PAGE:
The scapular manipulation technique is perfect for when you’re very busy and don’t have enough time to calm your patient down.
How to reduce a shoulder with scapular manipulation
First, have your patient lay on a stretcher on their stomach, with their dislocated arm hanging down. You can leave them in this position for a while, and if they relax enough, sometimes the weight of the arm combined with relaxation will allow for spontaneous reduction of the shoulder.
If you return and the shoulder is still out, then you can add the scapular manipulation technique:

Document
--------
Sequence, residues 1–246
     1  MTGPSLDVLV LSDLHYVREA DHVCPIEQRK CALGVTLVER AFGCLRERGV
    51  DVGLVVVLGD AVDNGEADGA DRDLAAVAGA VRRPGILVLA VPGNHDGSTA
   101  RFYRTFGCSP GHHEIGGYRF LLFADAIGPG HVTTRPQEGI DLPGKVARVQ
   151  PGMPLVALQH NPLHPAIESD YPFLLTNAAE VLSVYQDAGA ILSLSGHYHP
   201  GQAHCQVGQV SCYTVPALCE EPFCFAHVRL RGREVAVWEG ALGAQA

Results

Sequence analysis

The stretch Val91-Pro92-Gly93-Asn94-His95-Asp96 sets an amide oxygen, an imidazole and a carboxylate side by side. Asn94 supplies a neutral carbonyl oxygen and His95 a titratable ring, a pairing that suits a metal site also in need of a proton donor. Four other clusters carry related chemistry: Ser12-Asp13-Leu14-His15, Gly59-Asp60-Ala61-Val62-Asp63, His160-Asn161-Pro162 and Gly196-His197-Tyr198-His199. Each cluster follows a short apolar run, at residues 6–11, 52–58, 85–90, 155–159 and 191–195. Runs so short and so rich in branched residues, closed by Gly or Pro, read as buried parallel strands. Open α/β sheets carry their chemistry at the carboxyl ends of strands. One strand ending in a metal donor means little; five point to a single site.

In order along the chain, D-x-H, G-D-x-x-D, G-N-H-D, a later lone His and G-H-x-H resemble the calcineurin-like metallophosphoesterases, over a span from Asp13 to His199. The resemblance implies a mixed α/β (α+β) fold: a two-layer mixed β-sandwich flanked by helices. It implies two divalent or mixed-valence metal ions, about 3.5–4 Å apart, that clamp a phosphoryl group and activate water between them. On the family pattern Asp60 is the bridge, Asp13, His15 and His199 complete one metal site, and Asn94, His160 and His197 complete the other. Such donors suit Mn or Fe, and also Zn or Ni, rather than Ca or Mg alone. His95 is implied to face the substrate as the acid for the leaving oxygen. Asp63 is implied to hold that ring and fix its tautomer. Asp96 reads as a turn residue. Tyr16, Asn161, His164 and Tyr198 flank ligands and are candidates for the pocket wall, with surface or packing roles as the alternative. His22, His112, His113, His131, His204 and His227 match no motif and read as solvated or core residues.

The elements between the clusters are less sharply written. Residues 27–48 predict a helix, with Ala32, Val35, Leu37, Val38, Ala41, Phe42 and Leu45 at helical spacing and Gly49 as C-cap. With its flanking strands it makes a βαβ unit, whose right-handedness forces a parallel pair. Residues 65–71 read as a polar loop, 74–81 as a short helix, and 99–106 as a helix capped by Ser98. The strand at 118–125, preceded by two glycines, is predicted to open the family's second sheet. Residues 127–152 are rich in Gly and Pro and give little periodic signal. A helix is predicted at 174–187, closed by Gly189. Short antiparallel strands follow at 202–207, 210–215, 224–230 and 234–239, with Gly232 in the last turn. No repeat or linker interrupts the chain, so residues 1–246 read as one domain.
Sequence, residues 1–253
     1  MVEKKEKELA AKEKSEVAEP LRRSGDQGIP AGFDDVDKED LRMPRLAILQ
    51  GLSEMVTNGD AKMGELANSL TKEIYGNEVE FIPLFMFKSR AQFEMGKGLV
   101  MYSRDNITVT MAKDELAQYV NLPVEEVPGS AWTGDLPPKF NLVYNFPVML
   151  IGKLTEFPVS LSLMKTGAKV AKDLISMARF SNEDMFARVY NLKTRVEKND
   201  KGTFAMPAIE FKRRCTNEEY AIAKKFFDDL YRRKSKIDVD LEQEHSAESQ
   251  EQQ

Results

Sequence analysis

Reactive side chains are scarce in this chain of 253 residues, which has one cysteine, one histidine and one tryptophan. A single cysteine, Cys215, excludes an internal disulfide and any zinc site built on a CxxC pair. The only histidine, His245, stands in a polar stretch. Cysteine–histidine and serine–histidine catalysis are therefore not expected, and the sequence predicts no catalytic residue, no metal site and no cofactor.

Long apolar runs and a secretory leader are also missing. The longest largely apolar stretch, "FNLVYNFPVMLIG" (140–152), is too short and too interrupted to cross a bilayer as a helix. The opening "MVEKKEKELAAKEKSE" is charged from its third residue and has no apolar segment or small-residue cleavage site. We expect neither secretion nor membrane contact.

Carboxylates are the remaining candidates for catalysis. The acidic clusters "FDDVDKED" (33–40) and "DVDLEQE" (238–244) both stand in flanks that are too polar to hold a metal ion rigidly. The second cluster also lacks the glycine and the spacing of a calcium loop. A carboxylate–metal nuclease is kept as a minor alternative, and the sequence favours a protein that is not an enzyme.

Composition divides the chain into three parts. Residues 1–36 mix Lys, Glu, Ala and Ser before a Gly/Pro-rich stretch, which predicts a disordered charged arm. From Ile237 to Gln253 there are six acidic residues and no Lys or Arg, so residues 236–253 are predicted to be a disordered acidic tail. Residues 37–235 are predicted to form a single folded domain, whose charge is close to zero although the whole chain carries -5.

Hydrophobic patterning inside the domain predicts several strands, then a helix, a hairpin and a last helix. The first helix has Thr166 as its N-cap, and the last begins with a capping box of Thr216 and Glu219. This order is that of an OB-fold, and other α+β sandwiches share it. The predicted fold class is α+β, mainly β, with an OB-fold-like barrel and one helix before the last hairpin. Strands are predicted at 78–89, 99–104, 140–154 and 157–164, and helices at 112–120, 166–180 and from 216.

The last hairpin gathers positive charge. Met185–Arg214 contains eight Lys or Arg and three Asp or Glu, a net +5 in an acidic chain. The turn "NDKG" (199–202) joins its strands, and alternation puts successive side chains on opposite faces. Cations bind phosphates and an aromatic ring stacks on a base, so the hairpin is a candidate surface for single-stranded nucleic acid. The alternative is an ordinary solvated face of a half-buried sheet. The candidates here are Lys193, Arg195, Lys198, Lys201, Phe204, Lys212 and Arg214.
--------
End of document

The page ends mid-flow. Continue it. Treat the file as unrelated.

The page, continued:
- Find the bottom of the scapula.
- Slowly and gently push the scapula away from you. This should reposition the glenoid socket instead of moving the humeral head.
- Apply gentle downward traction on the arm.
- Apply gentle internal and external rotation to overcome spasms.
The reduction can be very subtle, so you may need to re-examine the shoulder intermittently.
How to select the right patient for scapular manipulation
Keep in mind, this technique is not necessarily safe if you need to administer a sedative. It’s hard to manage the airway of a patient that’s laying on their chest, and there is a risk of the patient falling off the stretcher. Choose your patients wisely when using this technique.
Great work! You’ve now covered the summary for performing the scapular manipulation technique.
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